Cash Is King…Except Possibly In Housing

Potential Owner-Occupied Buyer Losing Out To Big Investor Groups

Credit: Flickr User, Bohman

Credit: Flickr User, Bohman

While it is great news that home values have rebounded nicely the past two years one major factor they have come back as strong as they have has nothing to do with the image of families purchasing their dream homes. Institutional investors paying cash and scooping up “deals” has more to do with the recovering prices, especially in the areas like Florida, Arizona, Las Vegas and California where housing prices took the biggest hit. In 2013, analyst report that only 40% of home sales were by individuals using a mortgage. Hedge funds, private equity firms and other large investors accounted for over half, buying tens of thousands of distressed properties, often at bargain prices, and then putting them on the rental market. This flood of investment bulk-buying has many worried that the purchases are leaving middle-class and first-time buyers out in the cold.  

Companies like Blackstone Group, Colony Capital and Starwood Property Trust have spent billions over the last two years. They shut out the competition when a good deal surfaces by outbidding other prospective buyers and paying cash. In many cases, they are willing to offer more than the asking price to bolster local home prices in hopes of maximizing profits when they sell the home after prices rise. Many analyst feel that these big investors have artificially inflated prices and hurt home affordability. Homeowner advocates are concerned that this “profit-grab” is having a harmful impact on families, communities while creating a layer of new “investor landlords” with little regulatory oversight. Of course, government housing agencies are contributing to the problem by conducting bulk sales of foreclosed properties and distressed mortgages under their control. It’s easy to see how this phenomena is dramatically changing the landscape of our neighborhoods.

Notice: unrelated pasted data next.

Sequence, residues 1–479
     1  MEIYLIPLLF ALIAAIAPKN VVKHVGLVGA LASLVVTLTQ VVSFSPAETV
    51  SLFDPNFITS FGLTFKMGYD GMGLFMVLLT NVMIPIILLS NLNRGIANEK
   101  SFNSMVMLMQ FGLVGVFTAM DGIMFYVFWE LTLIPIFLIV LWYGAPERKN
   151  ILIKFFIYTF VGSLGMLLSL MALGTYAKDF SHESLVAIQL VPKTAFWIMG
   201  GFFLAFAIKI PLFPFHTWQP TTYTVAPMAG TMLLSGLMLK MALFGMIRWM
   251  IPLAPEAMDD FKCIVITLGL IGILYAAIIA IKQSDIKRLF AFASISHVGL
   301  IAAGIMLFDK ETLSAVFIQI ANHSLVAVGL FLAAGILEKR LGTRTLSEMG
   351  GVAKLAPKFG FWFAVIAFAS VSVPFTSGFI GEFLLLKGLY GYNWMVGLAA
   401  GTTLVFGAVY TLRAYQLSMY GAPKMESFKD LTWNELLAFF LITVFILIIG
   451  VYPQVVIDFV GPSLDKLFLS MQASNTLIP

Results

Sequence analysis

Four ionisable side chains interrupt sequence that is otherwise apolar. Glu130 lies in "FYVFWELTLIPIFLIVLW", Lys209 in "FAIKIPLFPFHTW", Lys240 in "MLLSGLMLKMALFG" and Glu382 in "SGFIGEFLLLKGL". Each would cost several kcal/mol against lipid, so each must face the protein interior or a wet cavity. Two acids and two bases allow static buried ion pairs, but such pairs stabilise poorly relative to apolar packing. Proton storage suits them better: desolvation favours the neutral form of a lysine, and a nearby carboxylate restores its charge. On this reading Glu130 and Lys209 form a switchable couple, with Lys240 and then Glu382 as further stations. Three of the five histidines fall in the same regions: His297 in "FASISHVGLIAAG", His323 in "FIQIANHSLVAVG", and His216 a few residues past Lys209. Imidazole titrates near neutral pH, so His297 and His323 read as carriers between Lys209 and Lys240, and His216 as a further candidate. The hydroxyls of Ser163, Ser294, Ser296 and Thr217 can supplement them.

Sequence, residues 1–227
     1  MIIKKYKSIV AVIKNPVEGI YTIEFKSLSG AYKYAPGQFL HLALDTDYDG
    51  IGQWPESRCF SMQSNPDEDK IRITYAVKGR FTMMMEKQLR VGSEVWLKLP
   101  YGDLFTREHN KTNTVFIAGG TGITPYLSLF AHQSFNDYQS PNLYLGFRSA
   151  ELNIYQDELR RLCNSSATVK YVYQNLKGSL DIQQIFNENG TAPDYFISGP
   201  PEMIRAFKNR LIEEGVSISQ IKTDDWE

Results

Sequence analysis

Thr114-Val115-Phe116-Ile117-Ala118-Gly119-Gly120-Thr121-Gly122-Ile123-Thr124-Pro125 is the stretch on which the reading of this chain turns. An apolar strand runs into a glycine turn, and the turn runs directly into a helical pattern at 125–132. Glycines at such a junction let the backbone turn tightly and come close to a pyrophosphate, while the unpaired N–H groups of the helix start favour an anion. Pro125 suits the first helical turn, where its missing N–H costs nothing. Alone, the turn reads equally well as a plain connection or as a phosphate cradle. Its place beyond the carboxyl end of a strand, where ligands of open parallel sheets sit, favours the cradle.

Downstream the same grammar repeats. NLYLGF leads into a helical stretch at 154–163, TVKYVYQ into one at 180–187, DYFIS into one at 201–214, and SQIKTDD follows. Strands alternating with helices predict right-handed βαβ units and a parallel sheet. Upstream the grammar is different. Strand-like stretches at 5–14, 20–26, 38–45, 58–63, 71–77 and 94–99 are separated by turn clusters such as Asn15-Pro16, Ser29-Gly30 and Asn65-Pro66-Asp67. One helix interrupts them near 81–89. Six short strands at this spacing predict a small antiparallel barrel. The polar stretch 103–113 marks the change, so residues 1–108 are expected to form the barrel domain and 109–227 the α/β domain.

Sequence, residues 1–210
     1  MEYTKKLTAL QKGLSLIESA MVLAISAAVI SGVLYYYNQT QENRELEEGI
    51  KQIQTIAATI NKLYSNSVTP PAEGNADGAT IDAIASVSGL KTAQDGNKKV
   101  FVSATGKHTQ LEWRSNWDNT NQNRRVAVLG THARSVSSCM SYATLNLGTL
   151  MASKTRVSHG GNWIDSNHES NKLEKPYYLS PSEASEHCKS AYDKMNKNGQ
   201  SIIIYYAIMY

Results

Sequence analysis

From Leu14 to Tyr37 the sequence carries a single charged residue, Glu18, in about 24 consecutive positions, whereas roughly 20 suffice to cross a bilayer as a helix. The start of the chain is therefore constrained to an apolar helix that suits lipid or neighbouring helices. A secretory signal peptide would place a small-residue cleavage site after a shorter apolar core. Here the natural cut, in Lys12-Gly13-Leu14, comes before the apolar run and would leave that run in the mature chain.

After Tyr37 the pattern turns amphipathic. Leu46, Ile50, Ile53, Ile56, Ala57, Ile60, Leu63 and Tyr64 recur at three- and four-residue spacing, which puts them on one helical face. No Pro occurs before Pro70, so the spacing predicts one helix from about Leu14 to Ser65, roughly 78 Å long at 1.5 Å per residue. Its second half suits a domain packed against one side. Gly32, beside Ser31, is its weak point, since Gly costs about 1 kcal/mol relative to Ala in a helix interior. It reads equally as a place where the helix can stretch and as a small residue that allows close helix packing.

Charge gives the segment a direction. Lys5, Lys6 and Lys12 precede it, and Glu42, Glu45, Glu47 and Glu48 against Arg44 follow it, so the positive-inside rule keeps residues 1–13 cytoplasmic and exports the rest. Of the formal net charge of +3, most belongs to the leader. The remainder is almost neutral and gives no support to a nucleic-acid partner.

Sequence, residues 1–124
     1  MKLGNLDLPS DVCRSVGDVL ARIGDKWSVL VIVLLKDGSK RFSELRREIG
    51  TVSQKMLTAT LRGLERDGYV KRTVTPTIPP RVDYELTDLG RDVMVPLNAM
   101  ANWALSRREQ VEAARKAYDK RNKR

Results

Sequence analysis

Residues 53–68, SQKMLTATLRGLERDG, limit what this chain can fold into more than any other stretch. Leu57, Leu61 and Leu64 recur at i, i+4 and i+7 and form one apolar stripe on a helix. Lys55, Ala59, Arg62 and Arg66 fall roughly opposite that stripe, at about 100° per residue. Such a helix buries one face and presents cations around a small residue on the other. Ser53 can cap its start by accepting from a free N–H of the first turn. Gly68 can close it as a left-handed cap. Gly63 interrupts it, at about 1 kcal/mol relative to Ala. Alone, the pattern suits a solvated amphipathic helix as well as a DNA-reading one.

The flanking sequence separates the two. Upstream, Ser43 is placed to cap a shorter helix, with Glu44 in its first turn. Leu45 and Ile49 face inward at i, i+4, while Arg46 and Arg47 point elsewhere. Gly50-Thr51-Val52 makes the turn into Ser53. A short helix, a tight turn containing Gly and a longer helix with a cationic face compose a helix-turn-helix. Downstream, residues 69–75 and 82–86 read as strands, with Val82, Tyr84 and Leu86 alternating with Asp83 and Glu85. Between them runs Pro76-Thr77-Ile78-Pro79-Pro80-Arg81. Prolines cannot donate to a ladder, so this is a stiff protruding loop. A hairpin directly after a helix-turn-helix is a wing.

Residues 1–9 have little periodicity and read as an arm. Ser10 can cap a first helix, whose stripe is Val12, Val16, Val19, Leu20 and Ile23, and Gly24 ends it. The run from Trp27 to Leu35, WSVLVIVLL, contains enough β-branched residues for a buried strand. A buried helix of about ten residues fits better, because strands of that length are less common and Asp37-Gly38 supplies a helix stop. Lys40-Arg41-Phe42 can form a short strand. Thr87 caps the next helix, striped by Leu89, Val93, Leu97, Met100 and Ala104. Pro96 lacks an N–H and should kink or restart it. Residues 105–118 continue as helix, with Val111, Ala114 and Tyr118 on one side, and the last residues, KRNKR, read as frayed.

The trend has cooled off in recent months, mostly because great values in the marketplace are dwindling with escalating home prices and fewer foreclosures. However, it may be quite some time before we see a return to more historical levels of owner-occupied homebuyers – somewhere around 75%. And it raises another question – when the hedge funds and other investors are ready to take their profits and sell, who will their buyers be?